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at St. Anna
Spike Lee directs his version of Saving Private Ryan so skillfully that he almost pulls it off. Miracle of St. Anna, while beautifully shot, tries too hard and tends to fall back on the racial stereotypes that he ironically works hard to overcome.
While most of the movie takes place in Italy in 1944, it opens forty years later with an older black man, nearing retirement, watching a John Wayne World War II movie. In the Duke’s day blacks on the big screen were relegated to servant or cook status, ignoring the fact they also saw duty fighting on the front. The camera pans the old man’s living room and finds his Purple Heart award, and with it his disgust of the war’s portrayal in the film before him.
Miracle travels back to Italy in1944, where a black regiment is trying to cross a river when it encounters heavy fire. Switching back and forth between combat shots and commentary by the German version of Tokyo Rose known as Axis Sally, the movie is at its finest as it gruesomely captures the horrors of war while German loudspeakers broadcast Axis Sally’s propaganda, a devastating condemnation of America’s treatment of blacks that is painfully close to the truth. In one of the film’s most poignant scenes, a helmet peacefully floats gently down the river, past the pained and bloody faces of the men killed as they tried to cross.
The only survivors are the four main characters, Aubrey Stamps (Derek Luke), the top ranked officer, Hector Negron (Laz Alonso), the Puerto Rican, Bishop Cummings (Michael Ealy), whose number one priority is climbing into the pants of Italian women. Finally, there is Lee’s most lovable yet stereotypical character, Private Sam Train (Omar Benson Miller), big, lovable, naïve, not very smart yet wise in certain ways. It’s impossible not to like Train yet he’s so typecast that it’s hard not to wonder if he, too, wants to go back home to get into the shrimpin’ business.
Train saves a little boy, Angelo Torancelli (Matteo Sciabordi) that he finds during battle and they bond, communicating with each other despite the language barrier. The shell-shocked boy refers to Private Train as the Chocolate Giant. The survivors and Angelo spend a large part of the film hiding with an Italian family in a small village surrounded by Nazis. The only English speaker in the family is Renata, (Valentina Cervi), a strong, attractive woman who acts as head of the household, and also stirs the passions of the men, especially Cummings.
During this part Lee effectively deals with the ugly themes and inhumanity of war. He is at his best when he transcends his usual racial diatribes and explores the psychology behind prejudices in general, whether they’re sexual, racial or national, and what happens when groups are labeled without regard for individual differences. Is it possible that some Nazis actually had a heart? Could it be that every white American soldier looked down on all black soldiers, or did at least a few hold them in respect? Were all Italian underground fighters incapable of disloyalty to their cause?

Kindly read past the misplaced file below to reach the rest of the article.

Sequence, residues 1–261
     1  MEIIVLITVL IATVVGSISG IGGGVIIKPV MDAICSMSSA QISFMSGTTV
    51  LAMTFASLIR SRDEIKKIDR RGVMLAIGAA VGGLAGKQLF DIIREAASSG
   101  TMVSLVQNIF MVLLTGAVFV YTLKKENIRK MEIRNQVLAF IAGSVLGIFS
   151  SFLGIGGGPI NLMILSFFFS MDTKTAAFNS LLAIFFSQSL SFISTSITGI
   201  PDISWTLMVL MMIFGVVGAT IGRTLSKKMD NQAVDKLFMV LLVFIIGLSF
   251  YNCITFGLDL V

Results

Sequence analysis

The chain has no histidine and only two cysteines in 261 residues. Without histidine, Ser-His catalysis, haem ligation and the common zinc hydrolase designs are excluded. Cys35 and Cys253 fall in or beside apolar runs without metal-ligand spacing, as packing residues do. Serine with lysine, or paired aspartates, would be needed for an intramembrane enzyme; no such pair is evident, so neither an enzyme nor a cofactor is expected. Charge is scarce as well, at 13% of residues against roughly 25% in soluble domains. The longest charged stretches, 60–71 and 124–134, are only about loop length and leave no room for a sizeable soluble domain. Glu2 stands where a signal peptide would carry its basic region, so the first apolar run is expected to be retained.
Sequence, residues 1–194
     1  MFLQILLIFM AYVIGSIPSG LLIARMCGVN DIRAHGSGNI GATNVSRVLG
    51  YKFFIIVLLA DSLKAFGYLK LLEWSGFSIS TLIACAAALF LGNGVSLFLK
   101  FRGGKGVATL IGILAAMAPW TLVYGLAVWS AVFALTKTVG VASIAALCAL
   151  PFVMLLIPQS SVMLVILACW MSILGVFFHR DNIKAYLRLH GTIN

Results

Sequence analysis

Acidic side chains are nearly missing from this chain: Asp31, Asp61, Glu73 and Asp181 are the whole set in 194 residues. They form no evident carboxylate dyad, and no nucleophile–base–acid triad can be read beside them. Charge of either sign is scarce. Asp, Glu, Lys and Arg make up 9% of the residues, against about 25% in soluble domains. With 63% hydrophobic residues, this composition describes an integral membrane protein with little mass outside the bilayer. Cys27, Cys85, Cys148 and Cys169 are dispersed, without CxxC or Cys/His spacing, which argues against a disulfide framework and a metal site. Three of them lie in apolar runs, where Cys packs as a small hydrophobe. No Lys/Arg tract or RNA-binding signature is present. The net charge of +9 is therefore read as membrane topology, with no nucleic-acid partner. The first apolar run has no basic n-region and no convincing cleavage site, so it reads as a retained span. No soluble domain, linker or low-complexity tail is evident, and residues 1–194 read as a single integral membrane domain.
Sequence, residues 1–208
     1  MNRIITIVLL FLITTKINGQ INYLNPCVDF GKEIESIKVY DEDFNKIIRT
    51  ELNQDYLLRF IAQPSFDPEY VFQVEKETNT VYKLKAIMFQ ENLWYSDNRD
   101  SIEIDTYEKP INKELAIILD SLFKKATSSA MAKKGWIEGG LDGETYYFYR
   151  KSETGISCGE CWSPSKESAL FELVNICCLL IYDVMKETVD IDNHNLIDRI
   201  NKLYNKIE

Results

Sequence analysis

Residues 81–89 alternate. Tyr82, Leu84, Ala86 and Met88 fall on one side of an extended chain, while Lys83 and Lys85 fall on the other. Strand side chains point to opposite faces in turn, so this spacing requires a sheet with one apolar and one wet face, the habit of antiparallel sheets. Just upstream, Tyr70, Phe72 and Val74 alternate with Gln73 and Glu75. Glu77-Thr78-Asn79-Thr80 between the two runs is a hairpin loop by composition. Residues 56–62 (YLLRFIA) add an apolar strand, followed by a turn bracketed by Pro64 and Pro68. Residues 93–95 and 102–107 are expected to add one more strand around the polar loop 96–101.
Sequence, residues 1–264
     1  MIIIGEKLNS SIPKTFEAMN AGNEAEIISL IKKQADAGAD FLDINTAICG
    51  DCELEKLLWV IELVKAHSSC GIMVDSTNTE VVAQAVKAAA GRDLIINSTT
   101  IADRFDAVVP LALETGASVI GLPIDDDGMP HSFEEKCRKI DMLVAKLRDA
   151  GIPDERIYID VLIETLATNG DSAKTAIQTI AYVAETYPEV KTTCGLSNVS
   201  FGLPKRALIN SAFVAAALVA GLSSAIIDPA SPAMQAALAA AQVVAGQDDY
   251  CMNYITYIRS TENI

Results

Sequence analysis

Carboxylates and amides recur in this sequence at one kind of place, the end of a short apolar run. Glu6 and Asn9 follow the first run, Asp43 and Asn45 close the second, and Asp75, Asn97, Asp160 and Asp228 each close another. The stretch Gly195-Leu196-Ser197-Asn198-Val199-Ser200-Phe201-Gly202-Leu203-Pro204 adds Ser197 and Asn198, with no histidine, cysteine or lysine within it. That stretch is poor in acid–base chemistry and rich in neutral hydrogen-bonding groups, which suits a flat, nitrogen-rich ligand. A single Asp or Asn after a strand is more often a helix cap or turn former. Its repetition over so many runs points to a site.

The film never really drags, but some of its 160 minutes could be cut without consequence. The miracle aspect of the movie detracts from the film and makes for a conclusion that’s a little trite. But Lee does evoke emotion and makes one think, and expands his skills as one of today’s top directors. (R) Rating 2.5 (Posted 09/26/08)
Those who have served overseas in a war zone know what’s it’s like to get out, be it for good or just on leave. Either way, there’s always a picture or a plan in mind once back in the states. But it hardly ever turns out the way it’s dreamed about.
For Cheever (Tim Robbins) it’s going home for good to his wife and college-bound son in St. Louis. For Colee (Rachel McAdams) it’s giving a prized guitar to the family of a fellow soldier that saved her life in Iraq. For TK (Michael Pena), it’s a trip to Vegas for needed stimulation as a counter to an injury that men shiver in contemplating. They’re The Lucky Ones, a film directed by Neil Burger, who also directed and co-wrote The Illusionist (2006).
In some ways, The Lucky Ones is an insider movie, one that vets, particularly Iraq War veterans, can relate to — a buddy road trip among three soldiers who don’t have to talk much about what they’ve seen in order to come together in friendship. Not surprisingly, the three have emotional baggage that makes mainly for humor amid the adventure rather than a tragic recounting of war or a political debate about its righteousness.
Cheever discovers his quickly — his wife has “moved on,” preferring a single life to resuming their marriage. Amid that turmoil, his son has been accepted to Stanford and needs 20 grand in three weeks. Colee idolizes a dead soldier named Randy and passionately guards his guitar, a relic reportedly connected to Elvis TK worries about his manhood, his upper-mobile ambition tied to an affair with a female officer and surviving a third tour in Iraq.
The three ride across mid-America, from New York to St. Louis to Kansas City to Denver to Vegas. And plenty happens — a lot of it very funny and touching — with talk of the dead Randy, his guitar and a story about a casino robbery overshadowing the storyline. Amid the situations, people pop up here and there, going out of the their way to do things for the three soldiers, be it a rental van, use of Slim Jim, an invite to a ritzy party or free sex. And many of those folks say “thank you” to the three Iraq War veterans. An accurate depiction in the real world and one that makes me ponder the contradiction of a public accepting an endless war while supporting soldiers who continue to die or suffer injuries because of it.